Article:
• #33 – Sophomore forward Luke Hunger (6-10, 255) — He averages 3.5 points and 1.6 rebounds in 10.2 minutes per game as the backup center. He’s shot 65.8 percent on twos and 6-of-20 (30 percent) from three-point distance.

What to watch for: Michigan vs. Northwestern

1. Michigan in even bigger trouble without Olivier Nkamhoua
The Wolverines are 8-18 overall, last in the Big Ten, and any hope of making a late-season run has pretty much been thrown out the window after the news that Nkamhoua is out for the year. The Wolverines won’t have two starters, and could be without a third depending on what Williams’ status is.

Tschetter will likely start in Nkamhoua’s place, and if Williams is also out, expect graduate forward Tray Jackson, who’s struggled mightily all season, to take his place. If the Wolverines are without Williams, their top three scorers won’t be on the floor.

In reality, while an ugly season will look even worse over the last six-plus games, it doesn’t make much of a difference. The Wolverines will likely have to win five games in five days in Minneapolis to make the Big Ten Tournament, a feat no Big Ten team has accomplished since the league expanded to 14 teams in 2014-15. The future of the coaching staff hasn’t been decided yet, but it was hard to imagine anything that happens these next few weeks changing the outcome of the tough decisions that will have to be made postseason — Nkamhoua on the floor or not.

With Nkamhoua sidelined, Michigan loses a steady frontcourt presence and tough shot-maker. The latter is especially important when they’re without McDaniel, because there aren’t many, or any, high-level creators on offense. Michigan will hope to get a lot out of Reed on the inside and some made threes to hang with the Wildcats, who are heavy favorites.

2. Boo Buie show
It’s amazing that Northwestern ranks 35th nationally in adjusted offensive efficiency, given that pretty much the entire offense runs through one guy, Buie, and the Wildcats don’t have much of a presence inside.

Buie takes 28 percent of the team’s shots when he’s on the floor, and he hardly ever gets subbed out. He leads the Big Ten in volume and points in isolations, and he draws a lot of attention. Buie does have shooters surrounding him, though losing Berry for the season was a big blow. Buie himself shoots 41.3 percent on threes, and Langborg has really stepped up with 55 made triples on 135 attempts.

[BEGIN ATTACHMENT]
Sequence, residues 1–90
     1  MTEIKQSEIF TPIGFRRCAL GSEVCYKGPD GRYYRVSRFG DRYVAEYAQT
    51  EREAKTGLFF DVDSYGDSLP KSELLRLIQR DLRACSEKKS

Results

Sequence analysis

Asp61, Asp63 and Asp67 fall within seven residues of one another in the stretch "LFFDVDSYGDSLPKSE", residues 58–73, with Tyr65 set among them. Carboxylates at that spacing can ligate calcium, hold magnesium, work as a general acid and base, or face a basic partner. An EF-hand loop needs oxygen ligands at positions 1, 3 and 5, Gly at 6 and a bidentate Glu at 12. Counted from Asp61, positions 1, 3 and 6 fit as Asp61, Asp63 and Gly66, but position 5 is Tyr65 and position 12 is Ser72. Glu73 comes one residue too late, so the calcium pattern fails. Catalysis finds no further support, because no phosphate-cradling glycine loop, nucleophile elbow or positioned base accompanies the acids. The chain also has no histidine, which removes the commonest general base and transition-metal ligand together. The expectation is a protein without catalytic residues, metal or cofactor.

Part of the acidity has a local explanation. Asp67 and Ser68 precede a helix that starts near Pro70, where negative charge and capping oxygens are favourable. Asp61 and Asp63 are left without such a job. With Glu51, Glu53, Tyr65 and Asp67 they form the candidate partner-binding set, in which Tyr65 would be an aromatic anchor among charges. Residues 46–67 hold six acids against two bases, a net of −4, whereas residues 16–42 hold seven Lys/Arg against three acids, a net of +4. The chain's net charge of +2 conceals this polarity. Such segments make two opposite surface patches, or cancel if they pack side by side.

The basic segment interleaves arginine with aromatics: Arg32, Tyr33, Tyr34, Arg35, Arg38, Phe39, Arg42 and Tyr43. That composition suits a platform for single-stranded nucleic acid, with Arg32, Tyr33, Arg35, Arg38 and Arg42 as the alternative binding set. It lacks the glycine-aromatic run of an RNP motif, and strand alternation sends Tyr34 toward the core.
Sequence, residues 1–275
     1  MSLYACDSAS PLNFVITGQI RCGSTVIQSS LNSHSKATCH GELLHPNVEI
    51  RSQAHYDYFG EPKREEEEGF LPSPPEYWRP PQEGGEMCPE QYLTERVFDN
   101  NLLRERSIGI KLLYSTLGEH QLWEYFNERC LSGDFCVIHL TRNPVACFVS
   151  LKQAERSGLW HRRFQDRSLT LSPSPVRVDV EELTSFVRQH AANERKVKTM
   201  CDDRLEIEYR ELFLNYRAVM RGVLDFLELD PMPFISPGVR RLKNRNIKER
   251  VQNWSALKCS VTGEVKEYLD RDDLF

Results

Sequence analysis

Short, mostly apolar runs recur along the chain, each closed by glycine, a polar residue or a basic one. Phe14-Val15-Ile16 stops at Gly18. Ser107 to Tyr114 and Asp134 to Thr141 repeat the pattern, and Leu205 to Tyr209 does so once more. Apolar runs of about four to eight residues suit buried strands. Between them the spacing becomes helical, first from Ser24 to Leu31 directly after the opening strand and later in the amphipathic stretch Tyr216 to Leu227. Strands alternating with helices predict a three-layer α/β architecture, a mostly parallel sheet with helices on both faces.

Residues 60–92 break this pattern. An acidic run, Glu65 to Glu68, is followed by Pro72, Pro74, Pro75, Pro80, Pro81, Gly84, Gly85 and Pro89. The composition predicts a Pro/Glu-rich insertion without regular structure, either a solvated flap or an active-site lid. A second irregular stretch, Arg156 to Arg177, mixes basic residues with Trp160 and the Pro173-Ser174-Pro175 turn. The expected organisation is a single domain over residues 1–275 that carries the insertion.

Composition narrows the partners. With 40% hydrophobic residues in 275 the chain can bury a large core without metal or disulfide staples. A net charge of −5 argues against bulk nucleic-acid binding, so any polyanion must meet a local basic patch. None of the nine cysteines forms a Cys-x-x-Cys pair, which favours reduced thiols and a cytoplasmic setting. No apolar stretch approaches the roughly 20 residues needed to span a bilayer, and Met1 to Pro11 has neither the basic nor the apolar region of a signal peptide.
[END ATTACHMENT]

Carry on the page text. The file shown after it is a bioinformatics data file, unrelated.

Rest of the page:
During the conference season, Northwestern is shooting 42.7 percent from three-point distance, tops in the league. The Wildcats also lead the conference in turnover rate (12.7 percent).

However, they’re 12th in two-point field goal percentage (46.7) and 13th in offensive rebounding rate (24.2). They’re 14th in the Big Ten in shots at the rim, with 19.2 field goal attempts per game (10.8 makes per contest).

3. Northwestern defensive numbers
Michigan doesn’t have much offensive firepower without McDaniel and Nkamhoua, but Northwestern isn’t a good defensive team. The Wildcats rank 11th in the league in defensive efficiency during the conference season, with a 54.4 effective field goal percentage allowed that ranks dead last. Opponents are shooting 37.7 percent on threes and 53.2 percent on twos (both 12th in the Big Ten).

Michigan will have to take care of the ball, which has clearly been an issue after coughing it up a season-high 22 times in a 10-point loss to Michigan State over the weekend. The Wildcats help a lot — and gamble at times — which has paid off to the tune of turning opponents over on 18.3 percent of their possessions (third in the Big Ten).

Northwestern sprinkles in some pressure, but only on 2.3 percent of possessions, and plays almost exclusively man-to-man, with only nine zone sets logged on Synergy for the season.

Prediction

Michigan has lost its five road games without McDaniel by an average margin of 21.4 points. Northwestern is playing for its NCAA Tournament life down the stretch, having just pulled off a huge win at Indiana. The schedule is manageable from here on out for the Wildcats, who are seeking their third-ever berth to the Big Dance (2017, 2023). There’s no reason to believe the Wildcats won’t pull this one out, likely by a pretty comfortable margin.

Prediction: Northwestern 80, Michigan 66